Religious Liberalism
Tuesday, July 25, 2006
A comment I posted on Publius Pundit regarding Israel and its neighbors:

Let me take your points one by one:

1) What is a liberal democracy and why doesn't Palestine qualify?

Palestine is a democracy. But it is not liberal. Liberal, quite literally, means free. People have freedoms. There are lots of cases of unfree democracies (African nations are a prime example) where the majority dictates everything - and so elections turn violent or lose peace-making impact, because the loser can lose everything. Palestine is not liberal. Individuals have no guaranteed rights. Imagine being a Jew living in Gaza under a Palestinian government? Sadly, Israel is not as liberal as it should be. There is effectively a sliding scale of liberty and Israel is lower than it should be. Freedom House, as pointed out above, does a fairly good job of this. While they do have guaranteed rights, Arabs in Israel are disadvantaged, particularly when it comes to government funding. This points, in my mind, to a need for less government funding all around - so that elections are not about patronage. More critically, not even Jews in Israel have a right to free speech, freedom of assembly or a variety of basic rights. For the most part they get them and the Supreme Court does a fairly good job of this, but there is no liberal constitution. In fact, you can have a pretty liberal state that is not democratic. It is rare, but I would point to British Hong Kong as a prime example. Check out for lots more info.

2) Religious movements work against unIslamic regimes. Some governments support these, some oppose them. Why do I point to governments being the cause of terror?

All the Arab governments have fostered and supported terror. They only object when it is pointed at them. They cultivate an acceptance of the tools and aims of terror and then complain when it is refocused on them. Egypt allowed (and supported) the fedayeen, Saudi Arabia allowed and supported Al Qaeda. Wahabi Islam is core to the political set up. Jordan, Lebanon and Syria all fell into the same categories. Now Al Qaeda is anti-Saud, so the Saudis no longer support them. But it sure took a while - until well after 9/11. The Brotherhood is a special example. I believe they pre-date the modern Egyptian state. But have you noticed that there is basically no Turkish Brotherhood? The nations are about as old as one another. But one chose a path that did not support terror in any of its forms. They are dealing with essentially foreign terrorists (Kurds and Al Qaeda), not Turkish movements. My basic point, these states provided fertile ground for terror (against the British, Americans and Jews) and encouraged its mentality. They are not simply victims and it is not simply a mass phenomenon.

4) Large income inequality leads to angry poor who rally to Islam and terrorism

Ah yes. That's why we see so many rocket attacks on the US from Mexico. That's why we see so many cross border raids to kill American ranchers. Clearly income inquality is the core issue. It's amazingthe US isn't in a perpetual state of revolution. I mean there are a group of people at the top who have more money than the average American could make in 100,000 years. Don't you want to kill them?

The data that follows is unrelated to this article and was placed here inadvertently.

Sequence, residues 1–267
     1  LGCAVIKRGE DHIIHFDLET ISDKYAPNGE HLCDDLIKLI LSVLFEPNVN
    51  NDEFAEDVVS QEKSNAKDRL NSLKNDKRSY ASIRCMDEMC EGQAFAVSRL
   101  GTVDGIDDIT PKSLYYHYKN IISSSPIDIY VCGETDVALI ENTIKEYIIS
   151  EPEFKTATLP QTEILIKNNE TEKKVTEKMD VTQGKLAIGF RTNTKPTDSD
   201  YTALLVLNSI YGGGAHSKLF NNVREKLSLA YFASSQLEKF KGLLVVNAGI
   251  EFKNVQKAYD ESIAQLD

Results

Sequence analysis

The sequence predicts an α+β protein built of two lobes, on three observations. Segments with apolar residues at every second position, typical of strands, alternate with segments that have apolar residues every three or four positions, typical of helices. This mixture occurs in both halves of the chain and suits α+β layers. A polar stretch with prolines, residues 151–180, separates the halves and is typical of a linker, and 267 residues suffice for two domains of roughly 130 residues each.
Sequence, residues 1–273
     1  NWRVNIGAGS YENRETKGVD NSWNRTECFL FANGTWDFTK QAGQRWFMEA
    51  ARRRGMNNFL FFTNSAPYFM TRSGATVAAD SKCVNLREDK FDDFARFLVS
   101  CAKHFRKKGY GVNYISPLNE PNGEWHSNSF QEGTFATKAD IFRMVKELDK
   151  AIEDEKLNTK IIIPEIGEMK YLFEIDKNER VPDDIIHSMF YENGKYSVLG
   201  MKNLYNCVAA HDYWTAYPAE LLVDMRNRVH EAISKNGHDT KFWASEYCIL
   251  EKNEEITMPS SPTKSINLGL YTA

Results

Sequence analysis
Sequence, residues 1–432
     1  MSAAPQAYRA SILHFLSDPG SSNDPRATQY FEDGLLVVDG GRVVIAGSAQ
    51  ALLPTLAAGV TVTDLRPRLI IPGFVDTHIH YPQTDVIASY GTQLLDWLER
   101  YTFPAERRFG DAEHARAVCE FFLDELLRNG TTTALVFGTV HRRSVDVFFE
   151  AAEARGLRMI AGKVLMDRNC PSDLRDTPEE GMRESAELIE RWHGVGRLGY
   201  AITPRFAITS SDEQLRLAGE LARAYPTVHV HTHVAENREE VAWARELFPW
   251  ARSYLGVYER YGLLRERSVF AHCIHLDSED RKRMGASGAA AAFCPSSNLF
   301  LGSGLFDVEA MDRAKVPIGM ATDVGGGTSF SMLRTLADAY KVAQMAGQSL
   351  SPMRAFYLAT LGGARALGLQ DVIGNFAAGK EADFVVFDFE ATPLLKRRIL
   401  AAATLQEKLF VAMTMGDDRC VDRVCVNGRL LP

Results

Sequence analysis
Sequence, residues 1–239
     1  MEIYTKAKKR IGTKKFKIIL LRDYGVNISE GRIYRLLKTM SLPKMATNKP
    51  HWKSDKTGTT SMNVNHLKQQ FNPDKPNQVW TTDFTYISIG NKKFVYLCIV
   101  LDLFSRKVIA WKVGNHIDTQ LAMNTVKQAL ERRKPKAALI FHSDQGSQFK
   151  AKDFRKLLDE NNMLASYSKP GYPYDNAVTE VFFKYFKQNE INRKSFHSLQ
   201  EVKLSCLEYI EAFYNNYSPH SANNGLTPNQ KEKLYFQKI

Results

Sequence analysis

Folks, it isn't about poverty. It is about freedom, and in this case, religion. Mexicans are freer in their own lands than Arabs. They are freer, even though many are not even legal residents, in the US. The special spices of mideast terrorism are Islam and a lack of liberty. I should note that people would call the massive African slaughters terrorism, except nobody cares about Africans. A million Congolese die, many massacred civilians, and it barely makes the news. There is terror there too. In the mideast, you also have Islam. Sadly, Islam is dedicated to a religious communalist vision which tends to lead to repression, death and war. Islam and nationalist Marxism (the only secular vision to take hold there) have created poverty and terror - not the other way around. The solution is to offer another vision. The Turks have secular communalism (as do the French), the Netherlands have pure secular liberalism, and the US offers religious liberalism. It is a war of ideas.

But in this war, it is the ideas that have created the conditions, not the conditions which have created the ideas.
The War on Terror is a war of ideologies. The terrorists have a fundamental belief in a religious communalist society. It is a model that's been tried a few times before and it tends to lead to repression, death and war (see European history). I believe in a religious liberal society ( A religious liberal is committed both to his or her religion and to the belief that governments are established primarily for the protection of individual liberty and human rights. I think it is a model that recognizes and leverages the power of religion while unleashing the creative and positive forces of freedom.

This blog is being created, by my mom and I, to discuss religious liberalism. It is a companion to her book "Liberty, God's Gift to Humanity" and the associated web site

Keep tuned.

A religious liberal is committed both to his or her religion and to the belief that governments are established primarily for the protection of individual liberty and human rights.

Chana is the academic who wrote Liberty, G-d's Gift to Humanity, Joseph relates the ideas to current events and discussions.

July 2006 / August 2006 / September 2006 / October 2006 / November 2006 / December 2006 / March 2007 / July 2007 / November 2007 / October 2009 /

Powered by Blogger